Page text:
THE SCHOOL OF SORROW
The aromatic scent of the Simla pines literally encircled and pervaded the Bassetts’ bungalow, penetrating to every corner. Lady Bassett was wont to pronounce it “distractingly sweet,” when her visitors drew her attention to the fact. Hers was among the daintiest as well as the best situated bungalows in Simla, and she was pleasantly aware of a certain envy on the part of her many acquaintances, which added a decided relish to the flavour of her own appreciation. But notwithstanding this, she was hardly ever to be found at home except by appointment. Her social engagements were so numerous that, as she often pathetically remarked, she scarcely ever enjoyed the luxury of solitude. As a hostess she was indefatigable, and being an excellent bridge-player as well as a superb dancer, it was not surprising that she occupied a fairly prominent position in her own select circle. In appearance she was a woman of about five-and-thirty—though the malicious added a full dozen years more to her credit—with fair hair, a peculiarly soft voice, and a smile that was slightly twisted. She was always exquisitely dressed, always cool, always gentle, never hasty in word or deed. If she ever had reason to rebuke or snub, it was invariably done with the utmost composure, but with deadly effect upon the offender. Lady Bassett was generally acknowledged to be unanswerable at such times by all but the very few who did not fear her.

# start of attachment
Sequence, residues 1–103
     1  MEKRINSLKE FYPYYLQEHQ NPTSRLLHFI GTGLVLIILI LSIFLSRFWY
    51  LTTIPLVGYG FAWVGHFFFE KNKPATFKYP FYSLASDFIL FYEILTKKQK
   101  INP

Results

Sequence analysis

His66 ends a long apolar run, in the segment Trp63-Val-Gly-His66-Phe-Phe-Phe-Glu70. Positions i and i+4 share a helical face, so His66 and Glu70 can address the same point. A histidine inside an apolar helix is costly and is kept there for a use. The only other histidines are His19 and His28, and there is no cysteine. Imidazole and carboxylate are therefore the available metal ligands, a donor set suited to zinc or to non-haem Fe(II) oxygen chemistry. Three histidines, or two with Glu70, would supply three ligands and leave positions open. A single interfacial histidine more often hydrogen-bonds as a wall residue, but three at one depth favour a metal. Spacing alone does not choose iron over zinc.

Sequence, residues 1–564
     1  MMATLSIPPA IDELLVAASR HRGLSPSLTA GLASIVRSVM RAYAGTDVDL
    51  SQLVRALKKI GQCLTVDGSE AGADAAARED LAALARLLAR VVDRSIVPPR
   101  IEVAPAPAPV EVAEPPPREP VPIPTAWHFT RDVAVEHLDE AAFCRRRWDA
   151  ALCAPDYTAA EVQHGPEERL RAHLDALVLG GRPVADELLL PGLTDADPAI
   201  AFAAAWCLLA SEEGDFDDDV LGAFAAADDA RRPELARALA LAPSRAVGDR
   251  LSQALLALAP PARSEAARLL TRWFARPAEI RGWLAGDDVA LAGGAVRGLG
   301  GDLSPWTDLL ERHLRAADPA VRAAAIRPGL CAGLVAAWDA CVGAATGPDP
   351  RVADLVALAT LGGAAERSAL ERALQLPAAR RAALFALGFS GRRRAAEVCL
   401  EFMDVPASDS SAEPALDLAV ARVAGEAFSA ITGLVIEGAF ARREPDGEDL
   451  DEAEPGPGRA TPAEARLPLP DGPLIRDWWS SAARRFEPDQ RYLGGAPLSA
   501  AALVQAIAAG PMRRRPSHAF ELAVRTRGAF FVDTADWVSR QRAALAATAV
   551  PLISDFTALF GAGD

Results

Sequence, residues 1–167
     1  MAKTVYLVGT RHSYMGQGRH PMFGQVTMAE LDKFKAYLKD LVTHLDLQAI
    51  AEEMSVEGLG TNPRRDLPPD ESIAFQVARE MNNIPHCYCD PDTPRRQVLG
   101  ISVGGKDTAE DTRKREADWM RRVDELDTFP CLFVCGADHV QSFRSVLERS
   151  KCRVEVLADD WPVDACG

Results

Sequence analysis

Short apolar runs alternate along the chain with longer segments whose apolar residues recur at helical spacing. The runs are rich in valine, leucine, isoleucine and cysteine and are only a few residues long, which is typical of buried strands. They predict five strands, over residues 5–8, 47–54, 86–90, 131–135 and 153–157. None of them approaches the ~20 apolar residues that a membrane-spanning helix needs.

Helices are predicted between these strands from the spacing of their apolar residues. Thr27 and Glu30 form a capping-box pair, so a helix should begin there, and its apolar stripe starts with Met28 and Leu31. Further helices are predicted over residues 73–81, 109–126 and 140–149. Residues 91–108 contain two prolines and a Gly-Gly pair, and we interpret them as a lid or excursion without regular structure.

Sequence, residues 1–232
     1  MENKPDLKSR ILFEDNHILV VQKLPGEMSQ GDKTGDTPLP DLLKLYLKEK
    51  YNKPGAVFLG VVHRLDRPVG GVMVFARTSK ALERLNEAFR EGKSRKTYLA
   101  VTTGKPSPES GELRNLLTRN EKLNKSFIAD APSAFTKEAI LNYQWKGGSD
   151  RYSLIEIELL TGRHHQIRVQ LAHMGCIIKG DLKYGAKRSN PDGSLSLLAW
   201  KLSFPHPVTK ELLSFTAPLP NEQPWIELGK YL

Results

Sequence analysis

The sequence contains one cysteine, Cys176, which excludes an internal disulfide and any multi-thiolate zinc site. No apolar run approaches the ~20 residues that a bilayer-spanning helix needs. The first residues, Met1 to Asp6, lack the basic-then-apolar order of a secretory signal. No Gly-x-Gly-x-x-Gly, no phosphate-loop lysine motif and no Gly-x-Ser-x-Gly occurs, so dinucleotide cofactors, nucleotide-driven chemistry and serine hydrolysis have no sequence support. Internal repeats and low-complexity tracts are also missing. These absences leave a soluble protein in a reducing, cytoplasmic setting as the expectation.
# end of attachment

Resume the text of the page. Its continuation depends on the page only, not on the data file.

There were not many who really felt at ease with her, and Muriel Roscoe was emphatically not one of the number. Her father had nominated Sir Reginald her guardian, and Sir Reginald, aware of this fact, had sent her at once to his wife at Simla. The girl had been too ill at the time to take any interest in her destination or ultimate disposal. It was true that she had never liked Lady Bassett, that she had ever felt shy and constrained in her presence, and that, had she been consulted, she would probably have asked to be sent to England. But Sir Reginald had been too absorbed in the task before him to spend much thought on his dead comrade’s child at that juncture, and he had followed the simplest course that presented itself, allowing Nick Ratcliffe to retain the privilege which General Roscoe himself had bestowed. Thus Muriel had come at last into Lady Bassett’s care, and she was only just awaking to the fact that it was by no means the guardianship she would have chosen for herself had she been in a position to choose. As the elasticity of her youth gradually asserted itself, and the life began to flow again in her veins, the power to suffer returned to her, and in the anguish of her awakening faculties she knew how utterly she was alone. It was in one sense a relief that Lady Bassett, being caught in the full swing of the Simla season, was unable to spare much of her society for the suddenly bereaved girl who had been thrust upon her. But there were times during that period of dragging convalescence when any presence would have been welcome.